Dynamic chromosome organization and protein localization coordinate the regulatory circuitry that drives the bacterial cell cycle

Erin D Goley, E. Toro, H. H. McAdams, L. Shapiro

Research output: Chapter in Book/Report/Conference proceedingConference contribution

Abstract

The bacterial cell has less internal structure and genetic complexity than cells of eukaryotic organisms, yet it is a highly organized system that uses both temporal and spatial cues to drive its cell cycle. Key insights into bacterial regulatory programs that orchestrate cell cycle progression have come from studies of Caulobacter crescentus, a bacterium that divides asymmetrically. Three global regulatory proteins cycle out of phase with one another and drive cell cycle progression by directly controlling the expression of 200 cell-cycle-regulated genes. Exploration of this system provided insights into the evolution of regulatory circuits and the plasticity of circuit structure. The temporal expression of the modular subsystems that implement the cell cycle and asymmetric cell division is also coordinated by differential DNA methylation, regulated proteolysis, and phosphorylation signaling cascades. This control system structure has parallels to eukaryotic cell cycle control architecture. Remarkably, the transcriptional circuitry is dependent on three-dimensional dynamic deployment of key regulatory and signaling proteins. In addition, dynamically localized DNA-binding proteins ensure that DNA segregation is coupled to the timing and cellular position of the cytokinetic ring. Comparison to other organisms reveals conservation of cell cycle regulatory logic, even if regulatory proteins, themselves, are not conserved.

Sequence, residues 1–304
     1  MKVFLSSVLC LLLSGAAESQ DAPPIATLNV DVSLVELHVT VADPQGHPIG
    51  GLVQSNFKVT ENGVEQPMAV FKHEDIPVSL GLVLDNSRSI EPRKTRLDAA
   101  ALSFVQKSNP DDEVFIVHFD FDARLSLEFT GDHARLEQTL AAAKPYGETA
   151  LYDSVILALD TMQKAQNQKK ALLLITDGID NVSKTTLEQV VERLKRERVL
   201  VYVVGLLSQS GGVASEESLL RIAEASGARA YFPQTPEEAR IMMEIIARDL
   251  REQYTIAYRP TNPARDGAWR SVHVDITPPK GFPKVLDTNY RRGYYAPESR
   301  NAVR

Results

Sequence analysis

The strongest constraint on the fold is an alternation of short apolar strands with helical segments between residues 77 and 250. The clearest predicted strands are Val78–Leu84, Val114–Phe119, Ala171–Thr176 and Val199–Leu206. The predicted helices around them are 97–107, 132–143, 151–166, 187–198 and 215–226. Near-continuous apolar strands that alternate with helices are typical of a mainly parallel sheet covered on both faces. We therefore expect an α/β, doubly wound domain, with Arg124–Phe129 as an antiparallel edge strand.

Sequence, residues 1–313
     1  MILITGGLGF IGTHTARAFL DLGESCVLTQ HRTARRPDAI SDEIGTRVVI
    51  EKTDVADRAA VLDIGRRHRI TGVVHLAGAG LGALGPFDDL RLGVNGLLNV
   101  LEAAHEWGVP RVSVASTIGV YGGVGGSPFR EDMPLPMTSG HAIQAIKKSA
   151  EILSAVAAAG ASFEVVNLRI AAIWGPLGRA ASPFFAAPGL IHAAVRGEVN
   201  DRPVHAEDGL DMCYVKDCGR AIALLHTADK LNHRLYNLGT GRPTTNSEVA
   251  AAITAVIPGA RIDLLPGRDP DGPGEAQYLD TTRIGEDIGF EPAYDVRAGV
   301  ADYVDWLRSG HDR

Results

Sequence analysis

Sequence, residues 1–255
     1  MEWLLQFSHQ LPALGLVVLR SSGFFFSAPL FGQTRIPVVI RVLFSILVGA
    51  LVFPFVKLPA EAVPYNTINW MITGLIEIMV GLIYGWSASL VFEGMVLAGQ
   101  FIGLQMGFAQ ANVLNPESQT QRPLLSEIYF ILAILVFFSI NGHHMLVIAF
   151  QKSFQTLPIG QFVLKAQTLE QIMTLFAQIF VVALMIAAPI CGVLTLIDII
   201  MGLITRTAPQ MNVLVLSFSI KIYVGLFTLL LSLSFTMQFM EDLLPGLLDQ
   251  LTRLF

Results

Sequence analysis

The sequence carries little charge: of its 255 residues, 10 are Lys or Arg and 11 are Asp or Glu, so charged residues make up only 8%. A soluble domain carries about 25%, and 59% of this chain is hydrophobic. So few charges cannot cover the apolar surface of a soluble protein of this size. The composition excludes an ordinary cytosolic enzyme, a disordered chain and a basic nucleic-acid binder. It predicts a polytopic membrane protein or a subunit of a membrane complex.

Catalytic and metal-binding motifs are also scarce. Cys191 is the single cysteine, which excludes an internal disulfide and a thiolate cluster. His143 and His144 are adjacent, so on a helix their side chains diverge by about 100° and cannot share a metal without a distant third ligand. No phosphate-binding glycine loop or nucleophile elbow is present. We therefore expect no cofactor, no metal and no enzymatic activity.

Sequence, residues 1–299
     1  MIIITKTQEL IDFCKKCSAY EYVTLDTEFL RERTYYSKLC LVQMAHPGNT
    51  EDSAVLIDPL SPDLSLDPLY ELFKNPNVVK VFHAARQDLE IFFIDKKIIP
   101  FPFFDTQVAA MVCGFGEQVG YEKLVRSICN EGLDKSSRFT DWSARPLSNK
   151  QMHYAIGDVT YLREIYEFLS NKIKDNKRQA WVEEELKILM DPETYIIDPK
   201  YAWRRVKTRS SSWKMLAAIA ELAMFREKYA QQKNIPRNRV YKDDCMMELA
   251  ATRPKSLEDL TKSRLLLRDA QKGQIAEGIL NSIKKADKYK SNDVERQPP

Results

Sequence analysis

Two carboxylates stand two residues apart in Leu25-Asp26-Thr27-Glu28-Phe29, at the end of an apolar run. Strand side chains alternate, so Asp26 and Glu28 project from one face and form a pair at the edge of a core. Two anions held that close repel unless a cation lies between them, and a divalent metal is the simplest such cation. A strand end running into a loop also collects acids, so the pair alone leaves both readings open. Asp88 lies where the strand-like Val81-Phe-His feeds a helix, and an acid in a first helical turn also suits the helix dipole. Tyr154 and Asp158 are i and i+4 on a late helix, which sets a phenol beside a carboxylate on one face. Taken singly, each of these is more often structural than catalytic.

Original languageEnglish (US)
Title of host publicationCold Spring Harbor Symposia on Quantitative Biology
Pages55-64
Number of pages10
Volume74
DOIs
StatePublished - 2009
Externally publishedYes

Publication series

NameCold Spring Harbor Symposia on Quantitative Biology
Volume74
ISSN (Print)00917451

Fingerprint

Chromosomes
Cell Cycle
Cells
Eukaryotic Cells
Proteins
Caulobacter crescentus
Asymmetric Cell Division
cdc Genes
Genetic Structures
DNA-Binding Proteins
DNA Methylation
Cell Cycle Checkpoints
Proteolysis
Cues
Phosphorylation
Drive
Networks (circuits)
Bacteria
DNA
Plasticity

ASJC Scopus subject areas

  • Molecular Biology
  • Genetics
  • Biochemistry

Cite this

Goley, E. D., Toro, E., McAdams, H. H., & Shapiro, L. (2009). Dynamic chromosome organization and protein localization coordinate the regulatory circuitry that drives the bacterial cell cycle. In Cold Spring Harbor Symposia on Quantitative Biology (Vol. 74, pp. 55-64). (Cold Spring Harbor Symposia on Quantitative Biology; Vol. 74). https://doi.org/10.1101/sqb.2009.74.005

Dynamic chromosome organization and protein localization coordinate the regulatory circuitry that drives the bacterial cell cycle. / Goley, Erin D; Toro, E.; McAdams, H. H.; Shapiro, L.

Cold Spring Harbor Symposia on Quantitative Biology. Vol. 74 2009. p. 55-64 (Cold Spring Harbor Symposia on Quantitative Biology; Vol. 74).

Research output: Chapter in Book/Report/Conference proceedingConference contribution

Goley, ED, Toro, E, McAdams, HH & Shapiro, L 2009, Dynamic chromosome organization and protein localization coordinate the regulatory circuitry that drives the bacterial cell cycle. in Cold Spring Harbor Symposia on Quantitative Biology. vol. 74, Cold Spring Harbor Symposia on Quantitative Biology, vol. 74, pp. 55-64. https://doi.org/10.1101/sqb.2009.74.005
Goley ED, Toro E, McAdams HH, Shapiro L. Dynamic chromosome organization and protein localization coordinate the regulatory circuitry that drives the bacterial cell cycle. In Cold Spring Harbor Symposia on Quantitative Biology. Vol. 74. 2009. p. 55-64. (Cold Spring Harbor Symposia on Quantitative Biology). https://doi.org/10.1101/sqb.2009.74.005
Goley, Erin D ; Toro, E. ; McAdams, H. H. ; Shapiro, L. / Dynamic chromosome organization and protein localization coordinate the regulatory circuitry that drives the bacterial cell cycle. Cold Spring Harbor Symposia on Quantitative Biology. Vol. 74 2009. pp. 55-64 (Cold Spring Harbor Symposia on Quantitative Biology).
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